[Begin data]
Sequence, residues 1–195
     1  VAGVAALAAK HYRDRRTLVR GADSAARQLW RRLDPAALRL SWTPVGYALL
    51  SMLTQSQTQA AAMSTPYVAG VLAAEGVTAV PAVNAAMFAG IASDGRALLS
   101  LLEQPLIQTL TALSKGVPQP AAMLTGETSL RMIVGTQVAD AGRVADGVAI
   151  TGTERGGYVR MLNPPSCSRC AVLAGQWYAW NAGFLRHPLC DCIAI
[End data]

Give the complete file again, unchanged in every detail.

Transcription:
Sequence, residues 1–195
     1  VAGVAALAAK HYRDRRTLVR GADSAARQLW RRLDPAALRL SWTPVGYALL
    51  SMLTQSQTQA AAMSTPYVAG VLAAEGVTAV PAVNAAMFAG IASDGRALLS
   101  LLEQPLIQTL TALSKGVPQP AAMLTGETSL RMIVGTQVAD AGRVADGVAI
   151  TGTERGGYVR MLNPPSCSRC AVLAGQWYAW NAGFLRHPLC DCIAI